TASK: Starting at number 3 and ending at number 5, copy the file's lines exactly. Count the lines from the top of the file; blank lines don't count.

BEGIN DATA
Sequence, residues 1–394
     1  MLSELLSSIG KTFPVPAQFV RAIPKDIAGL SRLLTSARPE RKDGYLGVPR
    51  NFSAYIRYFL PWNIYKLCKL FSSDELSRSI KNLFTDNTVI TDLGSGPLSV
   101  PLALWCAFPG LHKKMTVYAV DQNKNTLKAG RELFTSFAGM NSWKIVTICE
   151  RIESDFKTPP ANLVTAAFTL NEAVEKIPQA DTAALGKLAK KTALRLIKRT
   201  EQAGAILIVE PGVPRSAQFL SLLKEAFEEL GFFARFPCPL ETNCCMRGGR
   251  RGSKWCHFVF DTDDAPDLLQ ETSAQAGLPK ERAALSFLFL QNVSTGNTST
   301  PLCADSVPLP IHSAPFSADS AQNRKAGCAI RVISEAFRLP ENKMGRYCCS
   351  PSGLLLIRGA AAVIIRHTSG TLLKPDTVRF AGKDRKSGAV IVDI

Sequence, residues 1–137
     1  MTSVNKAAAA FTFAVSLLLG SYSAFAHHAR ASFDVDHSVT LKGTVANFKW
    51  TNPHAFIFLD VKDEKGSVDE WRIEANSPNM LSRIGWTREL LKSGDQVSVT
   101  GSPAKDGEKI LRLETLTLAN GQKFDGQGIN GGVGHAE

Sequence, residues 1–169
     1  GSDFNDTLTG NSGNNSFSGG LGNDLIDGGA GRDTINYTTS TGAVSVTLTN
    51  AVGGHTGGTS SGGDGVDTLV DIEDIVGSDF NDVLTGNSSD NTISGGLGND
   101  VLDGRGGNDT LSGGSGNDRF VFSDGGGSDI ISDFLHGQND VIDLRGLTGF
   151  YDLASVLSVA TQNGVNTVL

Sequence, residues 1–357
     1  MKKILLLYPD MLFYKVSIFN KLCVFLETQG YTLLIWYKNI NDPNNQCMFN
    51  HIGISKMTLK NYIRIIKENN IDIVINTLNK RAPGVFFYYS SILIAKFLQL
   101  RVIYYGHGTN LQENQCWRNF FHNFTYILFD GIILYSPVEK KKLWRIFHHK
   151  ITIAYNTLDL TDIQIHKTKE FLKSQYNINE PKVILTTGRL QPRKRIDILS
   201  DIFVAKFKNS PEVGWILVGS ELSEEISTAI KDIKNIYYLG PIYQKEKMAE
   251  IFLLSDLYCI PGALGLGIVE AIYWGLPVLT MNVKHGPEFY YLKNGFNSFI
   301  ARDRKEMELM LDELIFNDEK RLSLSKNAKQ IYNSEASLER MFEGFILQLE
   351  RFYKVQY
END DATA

    51  NFSAYIRYFL PWNIYKLCKL FSSDELSRSI KNLFTDNTVI TDLGSGPLSV
   101  PLALWCAFPG LHKKMTVYAV DQNKNTLKAG RELFTSFAGM NSWKIVTICE
   151  RIESDFKTPP ANLVTAAFTL NEAVEKIPQA DTAALGKLAK KTALRLIKRT